Known to many as "Mr. Corvette," Dick Guldstrand won three consecutive SCCA Pacific Coast championships from 1963 to 1965, and he was named California Sports Car Club driver of the year in 1964. He was Roger Penske's first hired professional driver (for the '66 Daytona race.) In the early '70s, his company, Guldstrand Engineering, was estimated to have built more than 70 percent of all competition Corvettes on the West Coast. In addition to his engineering and development work, he continued to set records as a Corvette driver through the '80s. His most recent creation, the Guldstrand GSRT, was the cover feature of our Dec. '08 issue.
Scooter Patrick was a Pacific Coast champion and a popular California racer. In his only Corvette drive (with partner Davey Jordan), he qualified the second-fastest in GT at Daytona in 1968.
Tony DeLorenzo (shown here with Fitch) had the good fortune to be born to a GM executive. He special-ordered his father's company car, a '64 Sting Ray, with which he planned to get his competition license. A call from Zora Arkus-Duntov followed, during which the Corvette godfather asked DeLorenzo exactly what he was going to do with the high-powered Corvette. When the young enthusiast answered that he was planning to attend a driving school, Duntov gave his blessing. DeLorenzo partnered with Jerry Thompson, and the two scored a class victory in their Owens Corning Corvette at Sebring. He went on to win two consecutive SCCA A Production Divisional championships, and from May 1969 through the '71 24 Hours of Daytona, his team won 23 straight races, including two class victories at Daytona and one at Sebring. (Photo by Bob Sirna.)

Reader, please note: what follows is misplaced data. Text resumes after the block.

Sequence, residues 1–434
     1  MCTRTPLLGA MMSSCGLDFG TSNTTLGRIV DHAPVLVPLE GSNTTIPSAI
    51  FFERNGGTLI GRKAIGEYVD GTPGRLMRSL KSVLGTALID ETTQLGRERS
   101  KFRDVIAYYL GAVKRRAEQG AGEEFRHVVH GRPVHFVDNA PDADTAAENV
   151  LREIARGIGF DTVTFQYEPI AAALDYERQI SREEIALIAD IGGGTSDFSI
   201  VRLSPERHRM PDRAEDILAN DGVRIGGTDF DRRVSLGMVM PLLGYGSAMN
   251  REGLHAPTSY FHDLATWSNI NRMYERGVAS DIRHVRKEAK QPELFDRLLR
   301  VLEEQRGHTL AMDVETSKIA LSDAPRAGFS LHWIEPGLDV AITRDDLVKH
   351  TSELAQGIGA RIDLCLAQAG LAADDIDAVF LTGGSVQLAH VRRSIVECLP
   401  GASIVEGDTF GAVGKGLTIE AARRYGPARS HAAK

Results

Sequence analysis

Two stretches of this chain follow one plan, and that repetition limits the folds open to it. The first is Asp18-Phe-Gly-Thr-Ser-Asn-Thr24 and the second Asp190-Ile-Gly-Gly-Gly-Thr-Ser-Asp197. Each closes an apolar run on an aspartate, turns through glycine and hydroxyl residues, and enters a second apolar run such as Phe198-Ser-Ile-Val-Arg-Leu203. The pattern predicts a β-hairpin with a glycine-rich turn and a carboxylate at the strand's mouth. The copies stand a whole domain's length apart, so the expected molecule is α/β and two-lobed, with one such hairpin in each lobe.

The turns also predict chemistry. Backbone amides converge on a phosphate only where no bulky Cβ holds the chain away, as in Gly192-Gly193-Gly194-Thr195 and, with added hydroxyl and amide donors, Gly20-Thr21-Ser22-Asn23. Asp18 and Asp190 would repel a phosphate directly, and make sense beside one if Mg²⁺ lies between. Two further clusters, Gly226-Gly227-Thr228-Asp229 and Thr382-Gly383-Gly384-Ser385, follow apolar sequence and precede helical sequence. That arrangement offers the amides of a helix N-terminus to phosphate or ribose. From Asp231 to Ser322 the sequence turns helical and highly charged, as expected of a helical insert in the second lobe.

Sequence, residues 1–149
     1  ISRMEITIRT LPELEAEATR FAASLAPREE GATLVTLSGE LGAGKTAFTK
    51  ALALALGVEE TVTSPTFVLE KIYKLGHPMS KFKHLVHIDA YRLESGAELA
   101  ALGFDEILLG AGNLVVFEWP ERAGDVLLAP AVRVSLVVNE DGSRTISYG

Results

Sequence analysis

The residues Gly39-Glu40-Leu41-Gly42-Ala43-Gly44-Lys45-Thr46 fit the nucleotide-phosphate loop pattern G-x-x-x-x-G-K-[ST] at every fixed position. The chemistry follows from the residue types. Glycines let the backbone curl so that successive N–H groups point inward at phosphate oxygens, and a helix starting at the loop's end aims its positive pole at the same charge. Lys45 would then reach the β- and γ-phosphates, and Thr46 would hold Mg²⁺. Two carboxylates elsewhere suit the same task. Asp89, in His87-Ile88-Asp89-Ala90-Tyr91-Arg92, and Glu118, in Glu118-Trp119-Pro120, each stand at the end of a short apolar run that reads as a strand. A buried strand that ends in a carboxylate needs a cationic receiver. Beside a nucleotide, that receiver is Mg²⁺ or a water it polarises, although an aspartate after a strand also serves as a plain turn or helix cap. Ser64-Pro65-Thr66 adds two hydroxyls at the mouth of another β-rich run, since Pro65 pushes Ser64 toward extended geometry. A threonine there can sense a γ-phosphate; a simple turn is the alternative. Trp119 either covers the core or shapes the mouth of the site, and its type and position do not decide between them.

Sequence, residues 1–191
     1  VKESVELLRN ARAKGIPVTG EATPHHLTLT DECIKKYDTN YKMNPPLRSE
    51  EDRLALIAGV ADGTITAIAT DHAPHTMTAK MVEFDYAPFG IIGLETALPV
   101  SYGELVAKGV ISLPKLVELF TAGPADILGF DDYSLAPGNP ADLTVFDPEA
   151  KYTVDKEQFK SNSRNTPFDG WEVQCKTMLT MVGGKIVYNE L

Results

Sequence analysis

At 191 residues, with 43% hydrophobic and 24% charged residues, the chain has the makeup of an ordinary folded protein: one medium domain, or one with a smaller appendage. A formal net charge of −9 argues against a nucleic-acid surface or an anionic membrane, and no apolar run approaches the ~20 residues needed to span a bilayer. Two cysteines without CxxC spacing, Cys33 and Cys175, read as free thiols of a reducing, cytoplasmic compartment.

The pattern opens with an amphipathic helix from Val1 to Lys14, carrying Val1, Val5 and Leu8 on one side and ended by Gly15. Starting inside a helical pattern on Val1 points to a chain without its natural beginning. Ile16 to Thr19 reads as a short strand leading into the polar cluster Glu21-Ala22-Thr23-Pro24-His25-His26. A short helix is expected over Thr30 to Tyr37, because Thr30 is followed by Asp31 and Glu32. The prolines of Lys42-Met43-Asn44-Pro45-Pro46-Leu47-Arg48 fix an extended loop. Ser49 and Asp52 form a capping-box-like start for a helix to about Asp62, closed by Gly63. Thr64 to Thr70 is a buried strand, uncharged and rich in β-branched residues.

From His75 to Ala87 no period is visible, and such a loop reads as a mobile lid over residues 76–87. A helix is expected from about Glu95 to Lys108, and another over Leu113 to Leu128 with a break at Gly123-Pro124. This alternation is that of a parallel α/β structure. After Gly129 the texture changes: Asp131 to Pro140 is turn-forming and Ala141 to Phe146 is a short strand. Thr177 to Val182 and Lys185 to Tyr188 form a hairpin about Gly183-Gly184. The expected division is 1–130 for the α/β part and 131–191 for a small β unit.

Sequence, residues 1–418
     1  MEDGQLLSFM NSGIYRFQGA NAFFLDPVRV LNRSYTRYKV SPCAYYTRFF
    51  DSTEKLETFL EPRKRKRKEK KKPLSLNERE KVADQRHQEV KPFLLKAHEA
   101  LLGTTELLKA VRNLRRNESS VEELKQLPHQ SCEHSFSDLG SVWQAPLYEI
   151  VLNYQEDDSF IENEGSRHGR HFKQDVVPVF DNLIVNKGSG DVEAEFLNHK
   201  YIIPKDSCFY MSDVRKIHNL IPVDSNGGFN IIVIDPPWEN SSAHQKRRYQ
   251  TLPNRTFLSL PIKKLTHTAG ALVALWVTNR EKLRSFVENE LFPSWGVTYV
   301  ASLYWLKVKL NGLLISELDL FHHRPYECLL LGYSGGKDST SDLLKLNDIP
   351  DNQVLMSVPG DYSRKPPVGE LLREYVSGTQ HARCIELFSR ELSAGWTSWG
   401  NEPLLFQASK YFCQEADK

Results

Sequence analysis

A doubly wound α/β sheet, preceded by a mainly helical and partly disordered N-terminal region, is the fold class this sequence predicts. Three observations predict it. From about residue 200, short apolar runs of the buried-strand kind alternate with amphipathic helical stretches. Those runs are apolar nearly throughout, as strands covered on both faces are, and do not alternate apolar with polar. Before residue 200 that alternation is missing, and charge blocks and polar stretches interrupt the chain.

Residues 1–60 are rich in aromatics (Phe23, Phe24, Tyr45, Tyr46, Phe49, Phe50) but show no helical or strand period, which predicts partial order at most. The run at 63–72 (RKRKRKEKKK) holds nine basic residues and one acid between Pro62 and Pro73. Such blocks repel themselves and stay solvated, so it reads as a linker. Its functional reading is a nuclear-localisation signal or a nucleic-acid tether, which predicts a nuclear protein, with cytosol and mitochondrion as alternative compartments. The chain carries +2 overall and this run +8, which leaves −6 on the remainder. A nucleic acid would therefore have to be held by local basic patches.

Wanting as much competitive advantage as possible, legendary Corvette driver Paul Reinhart delayed purchasing a Corvette to race until the four-speed manual transmission was made available for the '57 model year. While he opted not to order the other widely touted, new-for-'57 feature-fuel injection-the car was factory equipped with Positraction, a heater, and a 270-horse engine with dual four-barrel carburetors. After taking delivery, Reinhart made only a few additional modifications, such as changing the shock absorbers and fitting the car with finned backing plates and drums. Reinhart drove the Corvette to victory in the SCCA Pacific Coast B-Production championship in 1960 and 1961.
Bob Bondurant's racing career gained a great deal of momentum after he won the West Coast B-Production championship and Corvette Driver of the Year award in 1959. Just two years later, Shelly Washburn of Washburn Chevrolet in Santa Barbara hired him to drive. Bondurant captured First Place in Saturday's race during the '61 Labor Day Weekend event held at the Santa Barbara Airport circuit, beating both the Corvette driven by Paul Reinhart and the newly debuted Jaguar XKE driven by Bill Krause. After Cal Club officials protested the Corvette's aluminum flywheel, Bondurant was moved into the Modified class for the Sunday race, in which he finished Fourth overall.
One of only two high-fin SR-2s built, this roadster was special ordered by Jerry Earl, son of renowned GM styling boss Harley Earl. Earl raced the car for two seasons before selling it in 1958 to Jim Jeffords who, along with dealer Nickey Chevrolet, transformed it into the first "Purple People Eater." It raced under this guise until 1960, when it was sold into private hands. The Vette is powered by a 333ci V-8 fitted with a special fuel-injection system. Other performance equipment includes a prototype four-speed manual transmission, Halibrand axles, and magnesium knock-off wheels. Still actively raced, this SR-2 is annually campaigned in vintage events and won the prestigious Monterey Cup in the '87 Monterey Historic Races at Laguna Seca.
International auto racing enthusiasts Lloyd "Lucky" Casner and Fred Gamble founded the Casner Motor Racing Division (aka Camoradi) team during the '60s. Jim Jeffords drove the team's Corvette to victory in Cuba's Grand Touring Sprint race, then went on to finish First in class (Eighth overall) in the Grand Prix of Havana a few days later. The Camoradi Corvette was also prepared for the '60 LeMans, the same year that Briggs Cunningham entered three Vettes. Although they finished 10th in the GT class and 21st overall, drivers Leon Lilley and Fred Gamble didn't cover a sufficient distance to qualify as an official finisher.